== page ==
For this, officially our 100th Weekend Roundtable post, we thought we’d pick a pretty simple and straightforward topic. Tom Cruise has a new movie in theaters today. Let’s look over the best and worst from this sometimes-charismatic but sometimes-annoying star’s career.
Best: Go ahead, let the ridicule begin. My favorite Tom Cruise movie is ‘Vanilla Sky‘. I love Cameron Crowe’s blend of romance, drama and (spoiler alert) science fiction. The original Spanish version (‘Abre Los Ojos’) is fantastic as well, but Crowe’s remake is polished with elements of Americana and aesthetics. As a cocky playboy lowered to humility, Cruise is great. The man who has everything at his fingertips loses his perfect image and can’t have the one thing money can’t buy – love. I adore this journey.
Worst: ‘Rock of Ages‘. Despite his zany public appearances and odd controversy, I’ve remained an unwavering Tom Cruise fan. Now, it seems like Cruise is performing damage control. His character role in ‘Tropic Thunder’ was unexpected and hilarious, but his similarly wild and way too over-the-top performance in ‘Rock of Ages’ isn’t enjoyable or entertaining. Imagine an oblivious rock star not unlike Aldous Snow in ‘Forgetting Sarah Marshall’ and ‘Get Him to the Greek’, only even less believable or likable, and the movie that he appears in sucks all sort of ass. The best thing about seeing ‘Rock of Ages’ is knowing that I’ll never have to watch it again.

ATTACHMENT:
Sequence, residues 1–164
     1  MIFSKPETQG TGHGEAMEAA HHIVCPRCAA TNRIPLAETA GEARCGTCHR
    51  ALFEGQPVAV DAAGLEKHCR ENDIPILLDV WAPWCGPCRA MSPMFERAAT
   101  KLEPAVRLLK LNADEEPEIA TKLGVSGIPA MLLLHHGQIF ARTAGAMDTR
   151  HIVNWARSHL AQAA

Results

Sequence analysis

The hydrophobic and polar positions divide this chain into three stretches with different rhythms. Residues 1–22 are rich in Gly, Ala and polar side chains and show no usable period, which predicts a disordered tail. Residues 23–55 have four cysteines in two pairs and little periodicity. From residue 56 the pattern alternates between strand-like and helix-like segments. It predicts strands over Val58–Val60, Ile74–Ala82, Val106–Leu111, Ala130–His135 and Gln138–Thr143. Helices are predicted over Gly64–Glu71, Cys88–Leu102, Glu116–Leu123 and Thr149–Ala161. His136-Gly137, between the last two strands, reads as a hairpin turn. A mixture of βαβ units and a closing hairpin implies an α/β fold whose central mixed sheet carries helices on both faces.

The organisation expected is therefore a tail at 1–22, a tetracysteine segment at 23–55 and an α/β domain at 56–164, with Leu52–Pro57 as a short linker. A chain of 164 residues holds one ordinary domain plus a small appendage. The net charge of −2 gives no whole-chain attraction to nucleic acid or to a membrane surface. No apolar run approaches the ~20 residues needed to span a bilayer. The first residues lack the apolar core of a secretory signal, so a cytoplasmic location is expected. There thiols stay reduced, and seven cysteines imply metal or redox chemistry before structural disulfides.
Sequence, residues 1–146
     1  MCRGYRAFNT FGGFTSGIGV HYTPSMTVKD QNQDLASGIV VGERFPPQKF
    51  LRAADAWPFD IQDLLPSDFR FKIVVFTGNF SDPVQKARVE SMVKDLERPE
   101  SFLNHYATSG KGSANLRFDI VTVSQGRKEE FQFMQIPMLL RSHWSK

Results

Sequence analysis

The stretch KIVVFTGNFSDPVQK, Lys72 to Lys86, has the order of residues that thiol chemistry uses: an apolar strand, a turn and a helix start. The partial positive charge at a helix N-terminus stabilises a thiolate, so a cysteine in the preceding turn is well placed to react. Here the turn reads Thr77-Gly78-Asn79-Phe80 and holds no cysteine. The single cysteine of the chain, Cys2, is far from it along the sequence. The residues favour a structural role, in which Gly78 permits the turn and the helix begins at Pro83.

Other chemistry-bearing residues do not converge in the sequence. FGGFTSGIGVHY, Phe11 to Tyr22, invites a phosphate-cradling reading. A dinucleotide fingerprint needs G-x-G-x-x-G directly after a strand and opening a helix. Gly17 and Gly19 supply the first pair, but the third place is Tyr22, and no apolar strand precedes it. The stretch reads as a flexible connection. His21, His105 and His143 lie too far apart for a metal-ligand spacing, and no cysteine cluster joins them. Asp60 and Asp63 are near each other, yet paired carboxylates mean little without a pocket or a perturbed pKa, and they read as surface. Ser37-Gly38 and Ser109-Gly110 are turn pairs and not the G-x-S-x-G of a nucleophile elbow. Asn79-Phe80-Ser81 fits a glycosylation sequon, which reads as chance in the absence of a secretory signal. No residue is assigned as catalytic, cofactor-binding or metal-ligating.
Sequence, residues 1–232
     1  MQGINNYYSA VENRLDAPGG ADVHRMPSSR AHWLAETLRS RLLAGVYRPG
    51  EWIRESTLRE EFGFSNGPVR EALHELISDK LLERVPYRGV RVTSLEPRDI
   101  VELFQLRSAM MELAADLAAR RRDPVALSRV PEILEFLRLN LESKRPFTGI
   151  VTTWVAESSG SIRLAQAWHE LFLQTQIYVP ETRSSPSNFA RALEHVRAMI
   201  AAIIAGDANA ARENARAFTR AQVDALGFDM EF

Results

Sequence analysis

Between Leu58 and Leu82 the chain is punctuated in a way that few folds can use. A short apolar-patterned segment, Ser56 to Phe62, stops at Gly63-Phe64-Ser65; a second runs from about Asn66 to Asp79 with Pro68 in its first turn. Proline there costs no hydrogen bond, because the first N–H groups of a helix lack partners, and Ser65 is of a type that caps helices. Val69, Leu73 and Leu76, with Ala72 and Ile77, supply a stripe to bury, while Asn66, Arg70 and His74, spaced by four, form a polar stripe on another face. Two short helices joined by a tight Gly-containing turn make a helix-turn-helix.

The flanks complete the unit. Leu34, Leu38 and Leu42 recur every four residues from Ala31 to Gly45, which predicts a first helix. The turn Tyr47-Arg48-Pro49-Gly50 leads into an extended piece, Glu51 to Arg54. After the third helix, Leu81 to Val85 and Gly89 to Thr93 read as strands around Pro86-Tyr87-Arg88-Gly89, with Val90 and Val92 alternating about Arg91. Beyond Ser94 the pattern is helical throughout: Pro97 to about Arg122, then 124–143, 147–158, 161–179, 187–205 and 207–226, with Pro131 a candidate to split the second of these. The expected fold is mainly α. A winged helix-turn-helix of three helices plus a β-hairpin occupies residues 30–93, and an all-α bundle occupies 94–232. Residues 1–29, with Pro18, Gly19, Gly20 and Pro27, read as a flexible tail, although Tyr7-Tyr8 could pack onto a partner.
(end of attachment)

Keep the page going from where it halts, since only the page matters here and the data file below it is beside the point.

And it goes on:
Best: I’m torn between ‘Minority Report’ or the first ‘Mission: Impossible’. I love both movies, but I think I have to go with ‘Minority Report‘. Since it came out, the film has remained one of the best sci-fi movies out there. It’s a movie that’s able to perfectly establish a vision of the future and the rules and technology used there. It feels complete and fully developed, whereas many sci-fi movies seem to be missing a few things here and there as high-octane action takes top priority. There’s more than enough action in ‘Minority Report’, but it never detracts from the movie or its purpose.
Worst: ‘Cocktail‘ is such an awfully stupid, forgettable film. It came on the heels of ‘Top Gun’, so it tried its hardest to capitalize on Tom Cruise’s heartthrob/bad boy status, but it simply came across as a laughably lame attempt to cash-in on someone who was becoming a huge celebrity.
Best: While Cruise is hardly alone in doing some of his best work in ‘A Few Good Men‘, two big factors make his performance as Daniel Kaffee stand out in his career. ‘A Few Good Men’ has an excellent ensemble cast, which puts Cruise in the position of starring in a movie that’s not really a Tom Cruise vehicle like almost everything else he makes. By all accounts, Cruise used a tenacity usually reserved for scaling rock faces, tactical gunplay or other physically demanding stuntwork for learning the legalese necessary to deliver a convincing and effective performance. His character’s development from an interloping J.A.G. Lieutenant concerned mostly with economical plea bargaining, to a defiant and impassioned courtroom orator who still favors effective legal tactics over ideals, is entirely carried off by Cruise, and is a far cry from the stone-faced technique his more serious roles have today.